The International Workshop on Human-Centric Software Engineering and Cyber Security
- Mohan Baruwal Chhetri (CSIRO’s Data61, Australia)
- Xiao Liu (Deakin University, Australia)
- Marthie Grobler (CSIRO’s Data61, Australia)
- Thuong Hoang (Deakin University, Australia)
- Karen Renaud (University of Strathclyde, United Kingdom)
- Chetan Arora (Monash University, Australia)
Call for Papers
Humans are a key part of software development as the creators, designers, coders, testers, end users and occasional abusers of software systems including cyber security systems. While most current software engineering research and practices are function, data or process oriented, human-centric software engineering focuses on the human factors in engineering software systems. Following the success of the first and second editions at ASE 2020 and ASE 2021, the 3rd International Workshop on Human-Centric Software Engineering and Cyber Security will continue its aim to bring together researchers and practitioners to continue the discussion on fundamentally new ways to systematically capture and use human-centric software requirements during software development and verify that systems meet these requirements. At present, there are major issues with misaligned software applications related to human factors, such as accessibility, usability, emotions, personality, age, gender, and culture. This workshop serves as the ideal venue to share research ideas and outcomes on requirements, enhanced theory, models, tools, and capability for next-generation human-centric software engineering aiming to achieve significant benefits of greatly improved software quality and user experience, developer productivity and cost savings.
The increased attention on a human-centric design in software engineering is the focus of contemporary research in cyber security. Particularly, the focus is shifting towards embedding human behaviour and cognitive perception to ensure a fully human-centric cyber security solution that not only protects humans from the harmful aftereffects of cyber security events but does so in unison with human thinking and behavioural patterns. In this workshop, we solicit recent research works in the field of human-centric cyber security engineering.
This workshop solicits papers on all topics related to human-centric software engineering and cyber security, including, but not limited to:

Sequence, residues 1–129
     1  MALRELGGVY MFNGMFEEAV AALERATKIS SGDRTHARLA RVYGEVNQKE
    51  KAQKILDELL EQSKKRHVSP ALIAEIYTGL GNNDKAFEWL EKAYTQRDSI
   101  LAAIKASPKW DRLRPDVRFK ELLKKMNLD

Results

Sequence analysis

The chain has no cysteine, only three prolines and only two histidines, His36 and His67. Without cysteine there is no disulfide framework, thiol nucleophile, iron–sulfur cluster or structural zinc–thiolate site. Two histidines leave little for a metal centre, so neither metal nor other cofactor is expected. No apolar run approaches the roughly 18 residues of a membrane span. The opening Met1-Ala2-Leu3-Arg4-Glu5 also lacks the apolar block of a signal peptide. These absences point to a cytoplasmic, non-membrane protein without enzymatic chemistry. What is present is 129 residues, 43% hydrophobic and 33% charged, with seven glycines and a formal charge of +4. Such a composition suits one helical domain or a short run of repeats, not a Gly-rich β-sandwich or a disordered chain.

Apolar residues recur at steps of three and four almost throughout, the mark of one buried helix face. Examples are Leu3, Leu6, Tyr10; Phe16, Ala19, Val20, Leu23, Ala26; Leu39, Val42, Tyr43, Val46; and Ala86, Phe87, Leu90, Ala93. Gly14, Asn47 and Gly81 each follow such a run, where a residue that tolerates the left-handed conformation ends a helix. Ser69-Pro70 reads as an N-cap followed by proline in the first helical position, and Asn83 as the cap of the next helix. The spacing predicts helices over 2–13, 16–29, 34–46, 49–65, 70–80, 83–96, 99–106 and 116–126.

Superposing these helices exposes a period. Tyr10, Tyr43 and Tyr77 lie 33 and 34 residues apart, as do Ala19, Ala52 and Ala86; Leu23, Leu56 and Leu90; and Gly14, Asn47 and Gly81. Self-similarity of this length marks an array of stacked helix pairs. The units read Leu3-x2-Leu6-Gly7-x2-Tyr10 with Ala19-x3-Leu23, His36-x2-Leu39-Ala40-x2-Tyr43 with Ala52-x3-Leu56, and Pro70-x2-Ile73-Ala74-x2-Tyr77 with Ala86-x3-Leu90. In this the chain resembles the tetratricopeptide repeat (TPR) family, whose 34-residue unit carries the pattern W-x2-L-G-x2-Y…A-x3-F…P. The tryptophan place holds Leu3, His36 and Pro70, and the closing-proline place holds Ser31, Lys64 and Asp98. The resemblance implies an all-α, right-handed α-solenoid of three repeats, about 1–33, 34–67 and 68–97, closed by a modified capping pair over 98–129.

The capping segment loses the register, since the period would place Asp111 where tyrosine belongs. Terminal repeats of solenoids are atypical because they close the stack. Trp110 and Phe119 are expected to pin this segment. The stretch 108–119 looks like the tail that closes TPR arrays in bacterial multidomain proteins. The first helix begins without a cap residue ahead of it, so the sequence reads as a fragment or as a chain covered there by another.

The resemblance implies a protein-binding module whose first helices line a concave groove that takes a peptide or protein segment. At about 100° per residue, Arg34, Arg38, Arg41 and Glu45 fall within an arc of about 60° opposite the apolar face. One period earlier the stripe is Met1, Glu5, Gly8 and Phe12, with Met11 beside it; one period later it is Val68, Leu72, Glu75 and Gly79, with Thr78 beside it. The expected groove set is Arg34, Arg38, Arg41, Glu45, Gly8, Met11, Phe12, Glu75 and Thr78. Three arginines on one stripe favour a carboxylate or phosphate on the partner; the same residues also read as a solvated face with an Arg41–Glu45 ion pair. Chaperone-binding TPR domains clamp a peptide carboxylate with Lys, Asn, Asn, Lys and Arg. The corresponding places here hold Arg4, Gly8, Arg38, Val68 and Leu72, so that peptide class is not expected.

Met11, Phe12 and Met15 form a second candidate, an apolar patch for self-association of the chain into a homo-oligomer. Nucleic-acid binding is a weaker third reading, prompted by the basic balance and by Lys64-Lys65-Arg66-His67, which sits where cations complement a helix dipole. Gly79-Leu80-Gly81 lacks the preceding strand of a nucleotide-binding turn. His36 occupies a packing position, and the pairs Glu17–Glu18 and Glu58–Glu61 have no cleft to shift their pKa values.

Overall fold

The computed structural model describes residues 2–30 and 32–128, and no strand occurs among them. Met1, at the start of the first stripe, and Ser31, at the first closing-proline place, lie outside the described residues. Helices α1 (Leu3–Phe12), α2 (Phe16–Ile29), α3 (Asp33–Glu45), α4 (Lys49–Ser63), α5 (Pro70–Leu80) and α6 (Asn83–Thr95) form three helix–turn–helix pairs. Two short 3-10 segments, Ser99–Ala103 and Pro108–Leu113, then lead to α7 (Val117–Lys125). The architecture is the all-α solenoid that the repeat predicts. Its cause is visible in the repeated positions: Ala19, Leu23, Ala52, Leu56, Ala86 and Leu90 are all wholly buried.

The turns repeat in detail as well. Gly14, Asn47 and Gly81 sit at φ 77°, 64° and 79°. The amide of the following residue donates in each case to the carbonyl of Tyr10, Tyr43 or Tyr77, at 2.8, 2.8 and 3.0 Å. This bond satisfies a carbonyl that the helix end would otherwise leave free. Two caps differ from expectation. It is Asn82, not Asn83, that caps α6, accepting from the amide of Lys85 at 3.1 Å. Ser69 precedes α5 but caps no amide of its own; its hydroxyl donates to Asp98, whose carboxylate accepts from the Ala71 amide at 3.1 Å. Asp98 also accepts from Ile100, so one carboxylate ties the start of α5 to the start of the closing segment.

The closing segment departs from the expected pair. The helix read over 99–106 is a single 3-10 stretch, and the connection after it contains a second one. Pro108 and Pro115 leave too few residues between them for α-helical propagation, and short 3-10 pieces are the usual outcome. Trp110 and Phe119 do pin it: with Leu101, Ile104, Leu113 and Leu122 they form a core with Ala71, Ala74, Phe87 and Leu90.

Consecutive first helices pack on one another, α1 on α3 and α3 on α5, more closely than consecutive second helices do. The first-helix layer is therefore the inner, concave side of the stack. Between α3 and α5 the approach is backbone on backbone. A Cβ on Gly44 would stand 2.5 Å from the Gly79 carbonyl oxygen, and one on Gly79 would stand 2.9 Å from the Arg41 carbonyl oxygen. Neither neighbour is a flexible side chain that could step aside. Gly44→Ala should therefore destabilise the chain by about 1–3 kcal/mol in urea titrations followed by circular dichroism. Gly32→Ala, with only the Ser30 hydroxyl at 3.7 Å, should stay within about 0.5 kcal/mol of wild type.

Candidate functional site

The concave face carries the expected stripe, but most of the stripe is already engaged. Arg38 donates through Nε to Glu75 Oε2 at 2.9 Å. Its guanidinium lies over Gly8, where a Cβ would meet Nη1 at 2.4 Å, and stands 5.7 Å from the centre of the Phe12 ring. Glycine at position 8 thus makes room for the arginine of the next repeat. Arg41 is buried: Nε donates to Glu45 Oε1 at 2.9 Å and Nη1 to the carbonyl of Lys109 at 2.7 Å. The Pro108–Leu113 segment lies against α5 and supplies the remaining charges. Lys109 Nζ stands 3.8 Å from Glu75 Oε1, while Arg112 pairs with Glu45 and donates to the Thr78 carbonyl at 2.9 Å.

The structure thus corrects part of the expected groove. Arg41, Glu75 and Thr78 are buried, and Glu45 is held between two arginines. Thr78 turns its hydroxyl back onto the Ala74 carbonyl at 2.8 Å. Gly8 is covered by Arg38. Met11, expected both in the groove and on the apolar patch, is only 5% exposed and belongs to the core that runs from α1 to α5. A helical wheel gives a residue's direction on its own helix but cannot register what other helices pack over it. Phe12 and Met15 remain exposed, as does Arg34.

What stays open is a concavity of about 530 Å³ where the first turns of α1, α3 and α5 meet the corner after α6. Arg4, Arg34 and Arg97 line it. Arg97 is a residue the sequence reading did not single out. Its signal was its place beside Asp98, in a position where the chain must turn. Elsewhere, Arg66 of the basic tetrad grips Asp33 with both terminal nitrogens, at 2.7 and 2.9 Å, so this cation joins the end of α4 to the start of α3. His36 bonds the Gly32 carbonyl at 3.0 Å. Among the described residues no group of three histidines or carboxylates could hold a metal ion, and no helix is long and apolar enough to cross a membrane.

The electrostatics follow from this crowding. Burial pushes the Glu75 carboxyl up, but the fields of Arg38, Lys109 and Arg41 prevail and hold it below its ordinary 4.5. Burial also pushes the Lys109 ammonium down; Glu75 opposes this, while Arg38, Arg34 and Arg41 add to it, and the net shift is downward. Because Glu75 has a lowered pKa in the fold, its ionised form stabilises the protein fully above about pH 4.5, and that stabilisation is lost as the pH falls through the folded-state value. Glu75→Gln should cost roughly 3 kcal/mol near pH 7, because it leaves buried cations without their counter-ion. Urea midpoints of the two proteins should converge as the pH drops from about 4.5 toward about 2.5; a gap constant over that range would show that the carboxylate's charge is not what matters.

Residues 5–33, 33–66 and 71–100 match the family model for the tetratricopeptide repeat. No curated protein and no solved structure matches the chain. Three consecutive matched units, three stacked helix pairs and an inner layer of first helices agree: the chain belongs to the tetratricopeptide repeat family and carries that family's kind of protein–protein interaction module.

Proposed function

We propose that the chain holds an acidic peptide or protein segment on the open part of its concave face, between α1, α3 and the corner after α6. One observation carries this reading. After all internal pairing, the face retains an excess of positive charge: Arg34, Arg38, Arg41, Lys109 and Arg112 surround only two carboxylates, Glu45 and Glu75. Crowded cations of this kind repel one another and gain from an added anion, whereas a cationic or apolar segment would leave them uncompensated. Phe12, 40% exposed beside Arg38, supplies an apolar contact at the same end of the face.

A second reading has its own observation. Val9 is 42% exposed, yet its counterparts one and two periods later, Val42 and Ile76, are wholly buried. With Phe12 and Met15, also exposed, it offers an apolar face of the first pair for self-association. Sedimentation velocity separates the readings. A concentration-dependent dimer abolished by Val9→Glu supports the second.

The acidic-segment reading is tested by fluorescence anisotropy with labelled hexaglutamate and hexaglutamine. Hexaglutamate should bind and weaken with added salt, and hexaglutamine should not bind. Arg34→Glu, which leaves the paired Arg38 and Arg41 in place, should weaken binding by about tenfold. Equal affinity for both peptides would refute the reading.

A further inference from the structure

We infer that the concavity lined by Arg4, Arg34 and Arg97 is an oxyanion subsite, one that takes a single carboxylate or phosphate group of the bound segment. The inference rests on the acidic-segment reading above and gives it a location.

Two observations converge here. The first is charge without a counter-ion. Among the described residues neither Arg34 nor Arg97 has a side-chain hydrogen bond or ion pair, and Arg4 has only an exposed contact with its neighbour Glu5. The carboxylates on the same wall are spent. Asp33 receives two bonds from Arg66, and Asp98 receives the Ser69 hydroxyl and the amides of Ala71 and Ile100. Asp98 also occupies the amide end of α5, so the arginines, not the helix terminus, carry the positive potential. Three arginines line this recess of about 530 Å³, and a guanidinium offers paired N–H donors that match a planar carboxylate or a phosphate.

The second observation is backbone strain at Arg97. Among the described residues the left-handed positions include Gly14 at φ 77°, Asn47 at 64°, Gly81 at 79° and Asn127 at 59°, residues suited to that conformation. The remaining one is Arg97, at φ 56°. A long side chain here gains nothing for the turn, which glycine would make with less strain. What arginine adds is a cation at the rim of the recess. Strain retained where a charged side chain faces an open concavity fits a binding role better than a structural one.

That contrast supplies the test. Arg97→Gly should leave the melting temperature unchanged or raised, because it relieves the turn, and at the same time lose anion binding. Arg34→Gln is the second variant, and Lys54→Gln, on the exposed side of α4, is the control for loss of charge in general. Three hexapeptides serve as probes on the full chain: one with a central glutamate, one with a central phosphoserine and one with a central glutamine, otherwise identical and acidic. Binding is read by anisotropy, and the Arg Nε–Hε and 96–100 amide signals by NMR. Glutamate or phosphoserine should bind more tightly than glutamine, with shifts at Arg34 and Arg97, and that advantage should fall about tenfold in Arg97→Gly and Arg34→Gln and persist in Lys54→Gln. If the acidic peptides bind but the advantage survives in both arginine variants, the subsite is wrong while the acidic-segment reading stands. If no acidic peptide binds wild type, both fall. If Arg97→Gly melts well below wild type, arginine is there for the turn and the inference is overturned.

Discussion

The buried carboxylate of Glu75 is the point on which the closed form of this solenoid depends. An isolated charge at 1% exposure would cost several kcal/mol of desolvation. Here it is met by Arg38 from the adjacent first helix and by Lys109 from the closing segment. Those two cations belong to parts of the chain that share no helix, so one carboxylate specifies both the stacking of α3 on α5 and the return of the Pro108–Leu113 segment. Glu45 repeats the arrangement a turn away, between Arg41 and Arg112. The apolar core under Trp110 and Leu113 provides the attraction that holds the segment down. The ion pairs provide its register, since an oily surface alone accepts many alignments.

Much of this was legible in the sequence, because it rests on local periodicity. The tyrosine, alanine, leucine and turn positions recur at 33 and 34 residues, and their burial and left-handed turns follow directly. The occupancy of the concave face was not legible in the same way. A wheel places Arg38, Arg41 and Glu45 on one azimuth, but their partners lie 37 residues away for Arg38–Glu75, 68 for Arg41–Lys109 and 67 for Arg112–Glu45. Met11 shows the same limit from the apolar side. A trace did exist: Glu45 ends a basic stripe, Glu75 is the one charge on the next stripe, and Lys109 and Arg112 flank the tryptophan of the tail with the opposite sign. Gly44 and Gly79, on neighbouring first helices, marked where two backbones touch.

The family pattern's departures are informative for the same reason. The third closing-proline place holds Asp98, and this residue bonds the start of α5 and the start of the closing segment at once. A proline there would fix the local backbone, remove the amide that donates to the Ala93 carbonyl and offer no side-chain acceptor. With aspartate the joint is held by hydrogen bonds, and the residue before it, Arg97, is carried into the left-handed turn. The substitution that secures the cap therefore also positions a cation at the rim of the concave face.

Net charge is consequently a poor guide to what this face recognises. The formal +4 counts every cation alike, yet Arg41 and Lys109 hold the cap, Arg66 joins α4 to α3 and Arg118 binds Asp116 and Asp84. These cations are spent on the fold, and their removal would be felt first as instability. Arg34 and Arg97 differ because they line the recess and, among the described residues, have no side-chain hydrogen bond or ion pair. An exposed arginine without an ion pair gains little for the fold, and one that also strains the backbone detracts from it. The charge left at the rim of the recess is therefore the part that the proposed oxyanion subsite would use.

- Impact of human factors on development processes and software teams
- Human factors considerations for engineers and developers
- Incorporating human factors into requirements and design e.g., emotions, bias, personality, and culture
- Human-centric modelling tools
- Human-centric requirements engineering
- Human-centric methodologies and practices
- Context-awareness in human-centric software (and systems) engineering
- Proactive help for modellers/designers/engineers e.g., design critics
- Human-centric applications of emerging technologies
- Accessible and usable cyber security
- Usable security/privacy evaluation of existing and/or proposed solutions
- Mental models that contribute to, or inform security and privacy design and deployment
- Human-centric design patterns
- In-the-wild observation of security and privacy behaviour studies
- Tools and models for capturing and interpreting user behaviours
- Software applications that demonstrate the practice of human-centric software engineering
- Cyber security studies in developing countries
- Case studies on insider whistleblowing
- Systematization of knowledge papers that integrate and systematize existing knowledge on human-centric software engineering and/or cyber security
- Replicating or extending previously published studies and experiments on human-centric security
Systematization of Knowledge: We solicit Systematization of Knowledge (SoK) that evaluate, systematize, and contextualize existing knowledge on human-centric software engineering and cyber security. SoK papers should provide a new argument, observation, viewpoint or taxonomy in an established research topic. They should be more than a survey or summary of prior work and provide new insights that can benefit our research community. The paper titles should be prefixed with “SoK:”
Replication Studies: In addition to original work, we also solicit replication studies that replicate important/influential findings from the literature. Authors should clearly state the purpose of conducting the replication study, precisely describe the methodological differences, and compare the findings with the results from the original study.
Submission Process: All submissions must be in PDF format and conform, at time of submission, to the ACM Proceedings Template. Submissions must be no more than 8 pages (including acknowledgments, bibliography, and appendices). All accepted contributions will be published in the conference electronic proceedings. At least one author needs to present their paper during the workshop.
Anonymous Submission: HCSE&CS 2023 will employ a double-anonymous review process. Submissions should not include author names or affiliations anywhere in the paper including the title page, body of the paper, and the acknowledgements. References to the authors’ own work should only be made in third person.
Ethical Research: Authors are encouraged to provide an explanation of how they have following ethical principles when conducting their studies. They may be asked to provide such an explanation should questions arise during the review process.
Submission Site: https://hcse-cs-2023.hotcrp.com
- Submission Deadline: Fri 21 Jul 2023
- Notification: Fri 11 Aug 2023
- Camera Ready: Fri 18 Aug 2023
- Workshop: 11 Sep 2023
More details at: https://research.csiro.au/cybersecurity-quantum-systems/hcse-cs-2023/